№28 Architectural landscape


Think of a landscape, and you inevitably imagine a wild place in which, in keeping with the tradition of landscape painting, human beings and architecture occupy only a small space, compared to the enormous world which surrounds these subjects. Today, however, it would be difficult to call this kind of depiction realistic. The planet has been studied and built upon, and the remaining virgin territories (including deserts and glaciers) are under total observation. Captured nature is now under control, for, as previously, we do not trust it. Is not the melting of the icebergs evidence of nature’s hostility? Consequently, it is necessary to examine the landscape carefully so as to anticipate bad weather in good time. For this purpose, an observation infrastructure is being built, consisting of paths and towers from which it is convenient to track changes in the landscape (p. 46). And each of us is becoming a soldier of the army whose ‘common cause’ (to use the term coined by the 19th century Russian philosopher Nikolay Fedorov) will be the final subjection of the natural landscape.

In the central text of this issue of Project Baltia Brian Hatton looks at how the setting for human life has changed in history – from the paradisiac garden to the regular space of the city and park and, finally, to the abandoned industrial zone (which is neither city nor nature). It is here, amidst strange ruins, that the hope for a better future will sprout (p. 26). In this issue we do not look at landscape design in the literal sense of that term (i.e. gardens, parks, and public spaces); instead, we concentrate on the relation between landscape and architecture.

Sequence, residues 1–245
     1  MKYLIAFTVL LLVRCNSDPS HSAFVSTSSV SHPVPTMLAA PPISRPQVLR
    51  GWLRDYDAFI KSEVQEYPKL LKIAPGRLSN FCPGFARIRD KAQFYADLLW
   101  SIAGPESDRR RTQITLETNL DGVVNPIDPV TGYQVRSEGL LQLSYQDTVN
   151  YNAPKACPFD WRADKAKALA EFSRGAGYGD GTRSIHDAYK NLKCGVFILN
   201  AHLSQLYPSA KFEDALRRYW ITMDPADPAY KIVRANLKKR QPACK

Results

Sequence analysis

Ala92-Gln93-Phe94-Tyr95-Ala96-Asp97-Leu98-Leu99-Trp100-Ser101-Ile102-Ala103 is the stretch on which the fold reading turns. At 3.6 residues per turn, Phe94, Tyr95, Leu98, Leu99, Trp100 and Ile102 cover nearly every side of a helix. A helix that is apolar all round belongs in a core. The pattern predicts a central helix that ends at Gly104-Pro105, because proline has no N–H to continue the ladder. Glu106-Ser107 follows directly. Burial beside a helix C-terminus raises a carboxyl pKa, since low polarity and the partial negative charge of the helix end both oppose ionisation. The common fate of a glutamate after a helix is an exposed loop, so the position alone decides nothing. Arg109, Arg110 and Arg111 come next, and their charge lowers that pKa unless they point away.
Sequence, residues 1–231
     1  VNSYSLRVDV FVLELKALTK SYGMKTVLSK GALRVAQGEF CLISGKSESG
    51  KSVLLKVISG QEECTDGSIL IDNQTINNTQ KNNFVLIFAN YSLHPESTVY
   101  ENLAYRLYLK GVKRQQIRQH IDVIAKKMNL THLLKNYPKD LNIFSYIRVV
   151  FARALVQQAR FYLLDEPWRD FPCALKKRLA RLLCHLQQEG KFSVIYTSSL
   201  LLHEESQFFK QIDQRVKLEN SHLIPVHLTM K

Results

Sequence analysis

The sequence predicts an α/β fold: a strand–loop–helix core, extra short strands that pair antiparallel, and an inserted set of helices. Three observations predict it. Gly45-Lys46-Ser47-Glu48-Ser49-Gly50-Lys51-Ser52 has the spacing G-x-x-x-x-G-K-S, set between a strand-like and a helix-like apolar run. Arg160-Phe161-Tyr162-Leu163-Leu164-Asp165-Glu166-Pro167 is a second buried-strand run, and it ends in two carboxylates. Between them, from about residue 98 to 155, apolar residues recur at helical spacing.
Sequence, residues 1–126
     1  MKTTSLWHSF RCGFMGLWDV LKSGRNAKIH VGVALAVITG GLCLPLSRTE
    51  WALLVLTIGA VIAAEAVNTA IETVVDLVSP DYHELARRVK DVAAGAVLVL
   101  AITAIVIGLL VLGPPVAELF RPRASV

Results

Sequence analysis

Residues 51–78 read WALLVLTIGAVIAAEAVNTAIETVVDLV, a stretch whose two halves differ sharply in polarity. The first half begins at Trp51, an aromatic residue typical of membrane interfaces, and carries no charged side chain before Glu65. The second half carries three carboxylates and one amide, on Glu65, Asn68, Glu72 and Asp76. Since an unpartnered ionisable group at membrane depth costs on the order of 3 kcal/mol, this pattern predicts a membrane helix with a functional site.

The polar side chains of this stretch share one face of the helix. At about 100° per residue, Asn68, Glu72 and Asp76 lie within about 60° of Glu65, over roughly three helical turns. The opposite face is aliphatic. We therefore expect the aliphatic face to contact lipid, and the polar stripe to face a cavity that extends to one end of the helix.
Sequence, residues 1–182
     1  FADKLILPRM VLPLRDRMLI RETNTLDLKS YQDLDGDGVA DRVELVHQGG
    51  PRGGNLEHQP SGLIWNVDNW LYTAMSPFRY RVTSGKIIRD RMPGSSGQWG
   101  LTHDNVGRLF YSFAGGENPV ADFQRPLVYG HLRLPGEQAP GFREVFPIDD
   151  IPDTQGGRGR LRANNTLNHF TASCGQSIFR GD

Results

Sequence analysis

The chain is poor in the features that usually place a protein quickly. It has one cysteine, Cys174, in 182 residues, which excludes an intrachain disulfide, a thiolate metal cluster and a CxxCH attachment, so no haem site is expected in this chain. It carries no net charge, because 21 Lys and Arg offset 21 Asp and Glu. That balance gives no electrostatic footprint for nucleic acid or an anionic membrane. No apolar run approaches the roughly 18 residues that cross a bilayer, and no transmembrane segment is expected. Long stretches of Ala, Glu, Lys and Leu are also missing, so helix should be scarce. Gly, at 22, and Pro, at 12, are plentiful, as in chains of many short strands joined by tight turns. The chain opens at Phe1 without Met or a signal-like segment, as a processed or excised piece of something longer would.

We can see how architecture looks for relatively traditional means of placing itself in the landscape (p. 37); follows the principle of ‘f*ck the context’ (p. 53); tries to mimic and dress itself up as ‘landforms’ (p. 67); and, finally, dissolves when it collides with postindustrial zones (p. 91). In our last issue we showed the world ‘after work’, whose only goal is ‘bare life’. The latter is realized in landscape whose basis is the infrastructure of control. Infrastructure which has no face of its own needs representation, and uses architecture for this purpose. Until such a time at least as the digital world of illusions created by infrastructure will be capable of fully replacing the material world (see Lyublinsky’s urban landscapes; p. 32).

Is it possible to imagine some other prospect apart from total mechanization of mankind and the landscape? In his The Ethic of the Dust John Ruskin talked about mountain crystals, seeing in their forms the residual traces of a drama – the ‘acts’ performed by matter and their ‘consequences’ – which allows him to endow minerals with moral qualities. The motifs of the actions of nature (and our own acts) remain enigmatic. However, with the passing of the time, it becomes possible to discern their essence. Landscape is the history of natural and anthropogenic activity on a particular territory, where the cultural process (‘cultivation’) constantly links structures erected by human beings with the given context. And every culture (whether regional or national) records this in its own way – which makes it possible to talk of specific architectural landscapes as a counterbalance to globalized ‘landscape urbanism’. Here primary importance attaches to the earth itself, which, unlike the sea, is capable of holding in place the impressions ‘recorded’ by culture. Project Baltia has discussed water on a number of occasions. So it is all the more important to remind ourselves of the significance of earth: it is through the earth that roots grow, and, as Einstein emphasized with regard to the humanitarian basis of the creative work of the physicist: “Without roots no flowers can grow.”